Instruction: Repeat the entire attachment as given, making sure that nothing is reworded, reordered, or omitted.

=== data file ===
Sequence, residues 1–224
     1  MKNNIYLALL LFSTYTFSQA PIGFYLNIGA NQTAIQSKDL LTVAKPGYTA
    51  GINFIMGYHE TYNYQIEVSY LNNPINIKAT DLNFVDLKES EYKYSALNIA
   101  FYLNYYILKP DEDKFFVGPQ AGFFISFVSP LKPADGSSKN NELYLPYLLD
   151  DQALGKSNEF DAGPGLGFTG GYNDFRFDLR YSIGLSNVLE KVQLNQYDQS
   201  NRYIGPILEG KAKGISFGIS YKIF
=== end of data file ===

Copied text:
Sequence, residues 1–224
     1  MKNNIYLALL LFSTYTFSQA PIGFYLNIGA NQTAIQSKDL LTVAKPGYTA
    51  GINFIMGYHE TYNYQIEVSY LNNPINIKAT DLNFVDLKES EYKYSALNIA
   101  FYLNYYILKP DEDKFFVGPQ AGFFISFVSP LKPADGSSKN NELYLPYLLD
   151  DQALGKSNEF DAGPGLGFTG GYNDFRFDLR YSIGLSNVLE KVQLNQYDQS
   201  NRYIGPILEG KAKGISFGIS YKIF